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World Sugar Update: Strong Production Numbers From Brazil and India

Apr. 24, 2011 8:06 AM ETSGG, DBA
Michael Ferrari profile picture
Michael Ferrari

Following the run up to nearly 33 cents, world sugar futures have retreated and stayed in the 22-24 cent range for much of the week. The market is expecting strong production numbers from Brazil and India, the two largest producers, and there seems to be optimism among analysts that the global S-D balance will finally shift to the surplus side in the coming months.

In the USDA Foreign Agriculture Service (FAS) April attache report, their outlook stated that Brazil cane production will increase 2% (to 631 mmt) in the 2011/12 marketing year (MY), with 569 mmt of this volume coming from the Centre-South; the 569 mmt projection is +12mmt over the 2010/11 MY and largely the result of an expansion of hectares for sugarcane, rather than a favorable weather pattern.

See the table below taken from the attache report for harvested hectares over the last 6 seasons. This is confirmed by the relatively flat total reducing sugar (TRS, or industrial yield) when analyzed Y/Y. Readers should note that a drier pattern in key mid/late crop months actually serves to boost yields, and tends not to be an inhibiting factor.

[Click to enlarge]

While the Weather Trends view is also for an increase in Y/Y production for BR (between +1.3% and +1.6%), we feel that the USDA estimate may be too optimistic. Further, even with higher production numbers out of Brazil, domestic ethanol demand for flex-fuel cars coupled with high crude prices will still keep a premium built into the #11 price, so the downside price potential remains limited between now and October. Satellite derived vegetation indices for many of the Centre-South cane growing regions are on par with last year which was considered an average weather year for cane in BR.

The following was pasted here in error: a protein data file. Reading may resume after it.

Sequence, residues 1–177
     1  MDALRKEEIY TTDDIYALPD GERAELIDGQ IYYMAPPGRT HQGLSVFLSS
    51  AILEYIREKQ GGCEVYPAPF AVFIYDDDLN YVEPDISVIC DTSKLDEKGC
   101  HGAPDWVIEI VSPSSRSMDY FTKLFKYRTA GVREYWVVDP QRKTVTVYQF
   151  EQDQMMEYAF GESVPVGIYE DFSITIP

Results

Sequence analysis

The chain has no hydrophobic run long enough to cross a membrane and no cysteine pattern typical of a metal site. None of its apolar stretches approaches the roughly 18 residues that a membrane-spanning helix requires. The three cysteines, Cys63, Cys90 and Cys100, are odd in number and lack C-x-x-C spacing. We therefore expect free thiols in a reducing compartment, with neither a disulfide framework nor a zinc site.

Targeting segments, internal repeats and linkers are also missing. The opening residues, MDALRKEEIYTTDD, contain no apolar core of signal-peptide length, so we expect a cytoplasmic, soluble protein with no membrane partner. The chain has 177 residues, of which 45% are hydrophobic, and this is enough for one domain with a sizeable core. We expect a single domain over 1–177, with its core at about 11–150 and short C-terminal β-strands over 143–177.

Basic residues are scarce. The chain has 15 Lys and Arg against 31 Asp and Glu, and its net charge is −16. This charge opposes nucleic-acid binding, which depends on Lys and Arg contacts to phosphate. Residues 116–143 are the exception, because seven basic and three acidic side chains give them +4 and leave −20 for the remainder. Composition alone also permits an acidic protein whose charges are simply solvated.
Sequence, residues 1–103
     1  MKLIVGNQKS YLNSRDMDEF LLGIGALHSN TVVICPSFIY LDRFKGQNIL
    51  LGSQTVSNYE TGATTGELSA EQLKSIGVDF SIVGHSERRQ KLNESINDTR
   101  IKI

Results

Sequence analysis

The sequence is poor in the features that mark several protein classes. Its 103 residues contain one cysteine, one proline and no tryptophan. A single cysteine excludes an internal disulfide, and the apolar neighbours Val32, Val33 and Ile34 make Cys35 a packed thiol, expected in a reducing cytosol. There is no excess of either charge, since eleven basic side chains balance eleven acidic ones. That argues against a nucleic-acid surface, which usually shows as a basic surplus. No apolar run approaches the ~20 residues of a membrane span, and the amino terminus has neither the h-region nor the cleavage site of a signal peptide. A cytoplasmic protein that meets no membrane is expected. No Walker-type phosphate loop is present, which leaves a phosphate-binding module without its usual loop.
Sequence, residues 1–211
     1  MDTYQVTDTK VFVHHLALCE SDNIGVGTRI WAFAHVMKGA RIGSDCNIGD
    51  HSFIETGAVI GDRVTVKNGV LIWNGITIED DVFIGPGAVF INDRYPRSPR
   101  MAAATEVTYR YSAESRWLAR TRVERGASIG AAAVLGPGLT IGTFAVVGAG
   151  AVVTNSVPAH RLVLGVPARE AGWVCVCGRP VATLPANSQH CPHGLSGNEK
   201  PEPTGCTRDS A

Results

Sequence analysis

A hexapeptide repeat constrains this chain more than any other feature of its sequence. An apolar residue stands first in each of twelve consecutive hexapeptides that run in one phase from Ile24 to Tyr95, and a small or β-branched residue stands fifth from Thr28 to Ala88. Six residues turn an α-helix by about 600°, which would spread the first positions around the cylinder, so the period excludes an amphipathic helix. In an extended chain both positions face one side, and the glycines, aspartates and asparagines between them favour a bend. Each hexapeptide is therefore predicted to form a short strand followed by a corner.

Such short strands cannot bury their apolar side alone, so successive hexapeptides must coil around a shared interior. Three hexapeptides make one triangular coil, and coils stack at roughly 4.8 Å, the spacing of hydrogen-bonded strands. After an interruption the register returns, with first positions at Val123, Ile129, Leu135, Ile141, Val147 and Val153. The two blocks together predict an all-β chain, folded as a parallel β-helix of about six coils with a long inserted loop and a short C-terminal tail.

Other FAS estimates carrying significance include their view for

This article was written by

Michael Ferrari profile picture
Michael Ferrari is a Senior Scientist and Director of Commodities at aWhere, where his research and technology transfer activities focus on improving their global agricultural/climate/life sciences data platform. He is also the founder and principal at Atlas Research Innovations, which provides applied research and bespoke services to clients in the private and public sector, government, and academia. Previously, he was the Director of Agricultural Commodity Research & Risk Management for The Coca-Cola Company, the Director of Informatics and a Principal Scientist at NASA for Computer Sciences Corporation, Vice President of Applied Technology and Commodities at WTI, and a Research Scientist and Commodity Trader at Mars. He spends much of his time building tools and models with sensors and data, creating algorithms, and directing commercial research activities towards the examination of the global food and climate complex from a systems perspective. Michael is a frequent speaker at scientific, commodity and data/technology conferences around the world, where his talks focus on the confluence of human-environmental-technology interaction and the broader relationship of these topics to societal issues including climate, food and energy security, and global change. Michael holds a PhD in Geophysical Fluid Dynamics and Environmental Biophysical Modeling from Rutgers; his doctoral work in numerical modeling was supported by the NASA Goddard Institute for Space Studies.

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